After installing the replacement content generators, a patch is applied to double the value of oranges (from 10 to 20) and select the lowest price for pears.

Use the following procedure to set up the files used by the example:

  1. Copy the following XQuery module into a file named my-lib.xqy. This file contains the implementation of the custom replacement constructors.
    xquery version "1.0-ml";
    
    module namespace my-lib = "http://marklogic.com/patch/apply/my-lib";
    
    (: Double the value of a node :)
    declare function my-lib:dbl(
      $current as node()?,
      $args as item()*
    ) as node()*
    {
      if ($current/data() castable as xs:decimal)
      then
        let $new-value := xs:decimal($current) * 2
        return
          typeswitch($current)
          case number-node()       (: JSON :)
            return number-node {$new-value}
          case element()           (: XML :)
            return element {fn:node-name($current)} {$new-value}
          default return fn:error((), "RESTAPI-SRVEXERR",
             ("400", "Bad Request", 
                fn:concat("Not an element or number node: ",
                          xdmp:path($current))
                ))
      else fn:error((), "RESTAPI-SRVEXERR",
          ("400", "Bad Request", fn:concat("Non-decimal data: ", $current)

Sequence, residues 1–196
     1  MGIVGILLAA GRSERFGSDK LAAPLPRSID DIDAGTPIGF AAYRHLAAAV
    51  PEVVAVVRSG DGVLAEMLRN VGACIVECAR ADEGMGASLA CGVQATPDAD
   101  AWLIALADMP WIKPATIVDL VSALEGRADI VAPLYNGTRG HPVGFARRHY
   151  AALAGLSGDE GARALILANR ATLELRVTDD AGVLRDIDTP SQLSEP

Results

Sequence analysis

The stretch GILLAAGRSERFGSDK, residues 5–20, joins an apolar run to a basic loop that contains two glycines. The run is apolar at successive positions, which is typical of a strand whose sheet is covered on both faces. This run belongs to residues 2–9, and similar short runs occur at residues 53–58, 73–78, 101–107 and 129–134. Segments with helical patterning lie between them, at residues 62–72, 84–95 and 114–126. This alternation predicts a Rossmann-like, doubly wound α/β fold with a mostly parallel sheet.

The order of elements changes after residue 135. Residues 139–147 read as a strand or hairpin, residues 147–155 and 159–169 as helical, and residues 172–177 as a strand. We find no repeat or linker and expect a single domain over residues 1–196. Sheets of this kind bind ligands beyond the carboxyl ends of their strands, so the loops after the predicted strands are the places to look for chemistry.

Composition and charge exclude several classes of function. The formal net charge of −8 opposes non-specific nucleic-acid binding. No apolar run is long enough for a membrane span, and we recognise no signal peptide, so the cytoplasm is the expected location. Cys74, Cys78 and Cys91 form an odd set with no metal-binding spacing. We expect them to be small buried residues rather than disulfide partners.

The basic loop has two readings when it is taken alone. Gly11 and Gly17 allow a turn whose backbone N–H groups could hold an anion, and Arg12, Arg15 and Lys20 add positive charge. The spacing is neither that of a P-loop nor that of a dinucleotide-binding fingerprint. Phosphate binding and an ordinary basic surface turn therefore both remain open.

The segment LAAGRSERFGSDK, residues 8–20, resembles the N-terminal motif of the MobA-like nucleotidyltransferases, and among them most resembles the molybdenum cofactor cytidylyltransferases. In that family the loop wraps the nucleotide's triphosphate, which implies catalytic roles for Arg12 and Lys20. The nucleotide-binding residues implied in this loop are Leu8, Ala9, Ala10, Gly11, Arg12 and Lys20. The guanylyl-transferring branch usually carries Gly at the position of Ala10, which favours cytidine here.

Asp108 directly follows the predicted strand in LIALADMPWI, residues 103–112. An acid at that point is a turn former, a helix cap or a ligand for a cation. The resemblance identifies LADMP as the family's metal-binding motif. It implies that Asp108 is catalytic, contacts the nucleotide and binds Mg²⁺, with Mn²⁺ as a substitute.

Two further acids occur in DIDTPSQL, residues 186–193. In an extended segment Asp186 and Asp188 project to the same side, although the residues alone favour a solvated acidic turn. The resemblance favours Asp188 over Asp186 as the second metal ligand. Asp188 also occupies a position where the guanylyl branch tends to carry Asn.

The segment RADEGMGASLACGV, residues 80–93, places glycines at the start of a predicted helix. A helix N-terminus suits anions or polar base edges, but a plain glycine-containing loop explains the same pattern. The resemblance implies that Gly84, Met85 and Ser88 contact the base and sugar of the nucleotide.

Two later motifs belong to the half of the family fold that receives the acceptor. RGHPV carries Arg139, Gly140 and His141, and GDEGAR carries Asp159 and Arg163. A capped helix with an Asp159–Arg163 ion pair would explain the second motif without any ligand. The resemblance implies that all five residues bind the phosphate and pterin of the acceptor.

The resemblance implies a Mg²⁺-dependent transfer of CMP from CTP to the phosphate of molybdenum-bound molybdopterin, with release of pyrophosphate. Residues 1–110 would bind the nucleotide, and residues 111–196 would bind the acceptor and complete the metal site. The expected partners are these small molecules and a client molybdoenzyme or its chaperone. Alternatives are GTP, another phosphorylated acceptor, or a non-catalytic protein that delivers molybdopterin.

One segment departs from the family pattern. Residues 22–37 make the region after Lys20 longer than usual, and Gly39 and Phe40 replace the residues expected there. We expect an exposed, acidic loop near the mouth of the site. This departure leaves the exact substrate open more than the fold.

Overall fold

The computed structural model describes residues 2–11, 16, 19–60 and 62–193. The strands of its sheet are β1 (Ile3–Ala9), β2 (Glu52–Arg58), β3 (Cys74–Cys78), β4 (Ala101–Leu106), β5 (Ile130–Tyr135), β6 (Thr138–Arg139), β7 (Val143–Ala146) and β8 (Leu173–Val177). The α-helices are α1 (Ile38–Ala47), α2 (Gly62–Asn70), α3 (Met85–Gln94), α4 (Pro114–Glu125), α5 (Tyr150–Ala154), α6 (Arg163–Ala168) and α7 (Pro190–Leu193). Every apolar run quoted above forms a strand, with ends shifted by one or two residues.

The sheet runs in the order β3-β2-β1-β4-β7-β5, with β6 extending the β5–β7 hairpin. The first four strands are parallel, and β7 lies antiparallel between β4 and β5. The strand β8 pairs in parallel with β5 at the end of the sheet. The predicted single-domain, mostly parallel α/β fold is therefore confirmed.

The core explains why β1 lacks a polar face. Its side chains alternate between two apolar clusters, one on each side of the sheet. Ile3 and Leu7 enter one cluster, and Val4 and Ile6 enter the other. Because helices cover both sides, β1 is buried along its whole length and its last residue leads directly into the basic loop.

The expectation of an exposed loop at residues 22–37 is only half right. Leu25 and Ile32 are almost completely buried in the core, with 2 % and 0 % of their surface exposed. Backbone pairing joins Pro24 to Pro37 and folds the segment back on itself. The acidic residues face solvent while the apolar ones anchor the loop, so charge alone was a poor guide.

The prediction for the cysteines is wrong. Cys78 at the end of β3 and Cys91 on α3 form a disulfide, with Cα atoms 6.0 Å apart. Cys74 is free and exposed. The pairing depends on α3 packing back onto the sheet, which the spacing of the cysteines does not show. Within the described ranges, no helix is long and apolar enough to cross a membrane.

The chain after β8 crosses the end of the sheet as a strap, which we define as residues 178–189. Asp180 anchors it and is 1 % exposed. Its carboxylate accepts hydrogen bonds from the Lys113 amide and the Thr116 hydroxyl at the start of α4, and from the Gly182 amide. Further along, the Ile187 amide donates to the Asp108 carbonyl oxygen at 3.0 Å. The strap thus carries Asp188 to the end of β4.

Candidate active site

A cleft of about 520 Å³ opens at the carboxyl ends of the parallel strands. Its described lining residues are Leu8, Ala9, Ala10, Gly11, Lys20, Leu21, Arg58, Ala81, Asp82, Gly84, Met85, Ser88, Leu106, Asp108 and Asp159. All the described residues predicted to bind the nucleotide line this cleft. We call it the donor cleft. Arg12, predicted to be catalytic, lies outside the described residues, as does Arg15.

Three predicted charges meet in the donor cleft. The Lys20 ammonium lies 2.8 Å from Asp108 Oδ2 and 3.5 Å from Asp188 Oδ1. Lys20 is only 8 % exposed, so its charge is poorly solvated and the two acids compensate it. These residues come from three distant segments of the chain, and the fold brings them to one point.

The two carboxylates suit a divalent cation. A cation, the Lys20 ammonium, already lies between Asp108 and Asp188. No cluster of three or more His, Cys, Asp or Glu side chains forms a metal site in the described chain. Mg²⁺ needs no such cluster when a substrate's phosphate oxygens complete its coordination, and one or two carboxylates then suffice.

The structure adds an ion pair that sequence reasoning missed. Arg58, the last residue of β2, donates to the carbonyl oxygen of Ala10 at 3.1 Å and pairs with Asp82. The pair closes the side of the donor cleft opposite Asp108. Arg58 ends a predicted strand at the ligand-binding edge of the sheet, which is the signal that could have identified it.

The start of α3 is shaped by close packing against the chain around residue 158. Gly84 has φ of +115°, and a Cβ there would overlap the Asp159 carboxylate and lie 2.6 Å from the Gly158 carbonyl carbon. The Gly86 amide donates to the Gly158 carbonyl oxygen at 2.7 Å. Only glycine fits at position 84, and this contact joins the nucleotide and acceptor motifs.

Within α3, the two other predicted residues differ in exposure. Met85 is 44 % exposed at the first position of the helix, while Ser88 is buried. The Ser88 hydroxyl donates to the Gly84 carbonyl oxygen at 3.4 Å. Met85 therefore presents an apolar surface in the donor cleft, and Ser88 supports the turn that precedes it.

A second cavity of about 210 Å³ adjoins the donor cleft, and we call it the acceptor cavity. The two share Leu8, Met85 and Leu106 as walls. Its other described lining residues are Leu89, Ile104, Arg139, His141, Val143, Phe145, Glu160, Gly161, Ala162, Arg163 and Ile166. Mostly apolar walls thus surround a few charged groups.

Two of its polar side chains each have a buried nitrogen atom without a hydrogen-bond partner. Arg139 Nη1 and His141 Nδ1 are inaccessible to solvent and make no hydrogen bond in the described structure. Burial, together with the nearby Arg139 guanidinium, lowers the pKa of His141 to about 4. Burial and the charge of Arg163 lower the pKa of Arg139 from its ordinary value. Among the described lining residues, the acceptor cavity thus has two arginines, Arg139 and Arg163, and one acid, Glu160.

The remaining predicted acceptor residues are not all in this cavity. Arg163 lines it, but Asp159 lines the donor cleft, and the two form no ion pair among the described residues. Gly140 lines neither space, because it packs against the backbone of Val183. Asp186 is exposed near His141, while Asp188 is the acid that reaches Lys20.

))
    };
    
    (: Find the minimum value in a sequence of value composed of :)
    (: the current node and a set of input values. :)
    declare function my-lib:min(
      $current as node()?,
      $args as item()*
    ) as node()*
    {
      if ($current/data() castable as xs:decimal)
      then
        let $new-value := fn:min(($current, $args))
        return
          typeswitch($current)
          case element()           (: XML :)
            return element {fn:node-name($current)} {$new-value}
          case number-node()       (: JSON :)
            return number-node {$new-value}
          default return fn:error((), "RESTAPI-SRVEXERR",
            ("400", "Bad Request", 
               fn:concat("Not an element or number node: ",
                         xdmp:path($current))
               ))
      else fn:error((), "RESTAPI-SRVEXERR", ("400", "Bad Request",
        fn:concat("Non-decimal data: ", $current)))
    };
  2. Copy the following script into a file named install-udf.js. This script installs the above XQuery module. For demonstration purposes, the module is installed such that the role app-user has permission to execute the contained functions.
    var fs = require('fs');
    var marklogic = require('marklogic');
    var my = require('./my-connection.js');
    var db = marklogic.createDatabaseClient(my.connInfo);
    
    db.config.patch.replace.write('my-lib.xqy',
      [ {'role-name': 'app-user', capabilities: ['execute']} ],
      fs.createReadStream('./my-lib.xqy')
    ).result(function(response) {
      console.log('Installed module ' + response.path);
    }, function(error) {
      console.log(JSON.stringify(error, null, 2));